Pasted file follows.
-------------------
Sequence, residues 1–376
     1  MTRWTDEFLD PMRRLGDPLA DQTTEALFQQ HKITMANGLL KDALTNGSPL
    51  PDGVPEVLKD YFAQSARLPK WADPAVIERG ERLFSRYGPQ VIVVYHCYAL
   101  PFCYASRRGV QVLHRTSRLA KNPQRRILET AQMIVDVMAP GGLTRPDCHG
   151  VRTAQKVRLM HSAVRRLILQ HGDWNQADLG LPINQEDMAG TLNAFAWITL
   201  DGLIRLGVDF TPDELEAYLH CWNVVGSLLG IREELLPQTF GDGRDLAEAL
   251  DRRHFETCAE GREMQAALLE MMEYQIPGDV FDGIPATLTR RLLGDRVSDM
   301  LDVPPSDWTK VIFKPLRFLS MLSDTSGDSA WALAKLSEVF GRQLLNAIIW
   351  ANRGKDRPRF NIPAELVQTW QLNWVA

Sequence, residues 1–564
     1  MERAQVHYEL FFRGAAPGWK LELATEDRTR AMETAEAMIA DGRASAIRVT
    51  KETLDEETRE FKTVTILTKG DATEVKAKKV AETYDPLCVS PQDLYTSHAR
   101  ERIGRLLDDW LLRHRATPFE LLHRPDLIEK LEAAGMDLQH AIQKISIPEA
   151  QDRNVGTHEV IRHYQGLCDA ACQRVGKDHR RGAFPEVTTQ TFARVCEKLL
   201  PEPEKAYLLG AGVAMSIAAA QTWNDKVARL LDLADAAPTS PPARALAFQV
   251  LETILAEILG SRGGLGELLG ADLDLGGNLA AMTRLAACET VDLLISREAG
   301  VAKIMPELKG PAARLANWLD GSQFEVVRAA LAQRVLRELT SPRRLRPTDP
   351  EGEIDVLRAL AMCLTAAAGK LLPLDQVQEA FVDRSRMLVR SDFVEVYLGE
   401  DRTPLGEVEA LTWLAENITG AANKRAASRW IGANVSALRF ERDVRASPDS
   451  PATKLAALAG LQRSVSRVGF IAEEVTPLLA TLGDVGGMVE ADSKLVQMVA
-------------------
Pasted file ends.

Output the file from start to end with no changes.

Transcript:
Sequence, residues 1–376
     1  MTRWTDEFLD PMRRLGDPLA DQTTEALFQQ HKITMANGLL KDALTNGSPL
    51  PDGVPEVLKD YFAQSARLPK WADPAVIERG ERLFSRYGPQ VIVVYHCYAL
   101  PFCYASRRGV QVLHRTSRLA KNPQRRILET AQMIVDVMAP GGLTRPDCHG
   151  VRTAQKVRLM HSAVRRLILQ HGDWNQADLG LPINQEDMAG TLNAFAWITL
   201  DGLIRLGVDF TPDELEAYLH CWNVVGSLLG IREELLPQTF GDGRDLAEAL
   251  DRRHFETCAE GREMQAALLE MMEYQIPGDV FDGIPATLTR RLLGDRVSDM
   301  LDVPPSDWTK VIFKPLRFLS MLSDTSGDSA WALAKLSEVF GRQLLNAIIW
   351  ANRGKDRPRF NIPAELVQTW QLNWVA

Sequence, residues 1–564
     1  MERAQVHYEL FFRGAAPGWK LELATEDRTR AMETAEAMIA DGRASAIRVT
    51  KETLDEETRE FKTVTILTKG DATEVKAKKV AETYDPLCVS PQDLYTSHAR
   101  ERIGRLLDDW LLRHRATPFE LLHRPDLIEK LEAAGMDLQH AIQKISIPEA
   151  QDRNVGTHEV IRHYQGLCDA ACQRVGKDHR RGAFPEVTTQ TFARVCEKLL
   201  PEPEKAYLLG AGVAMSIAAA QTWNDKVARL LDLADAAPTS PPARALAFQV
   251  LETILAEILG SRGGLGELLG ADLDLGGNLA AMTRLAACET VDLLISREAG
   301  VAKIMPELKG PAARLANWLD GSQFEVVRAA LAQRVLRELT SPRRLRPTDP
   351  EGEIDVLRAL AMCLTAAAGK LLPLDQVQEA FVDRSRMLVR SDFVEVYLGE
   401  DRTPLGEVEA LTWLAENITG AANKRAASRW IGANVSALRF ERDVRASPDS
   451  PATKLAALAG LQRSVSRVGF IAEEVTPLLA TLGDVGGMVE ADSKLVQMVA